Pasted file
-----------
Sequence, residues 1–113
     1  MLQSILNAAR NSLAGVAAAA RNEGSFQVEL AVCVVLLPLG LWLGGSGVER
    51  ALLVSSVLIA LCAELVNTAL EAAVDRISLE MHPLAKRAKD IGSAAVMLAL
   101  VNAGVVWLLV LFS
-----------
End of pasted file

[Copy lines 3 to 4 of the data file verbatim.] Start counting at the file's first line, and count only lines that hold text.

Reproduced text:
    51  ALLVSSVLIA LCAELVNTAL EAAVDRISLE MHPLAKRAKD IGSAAVMLAL
   101  VNAGVVWLLV LFS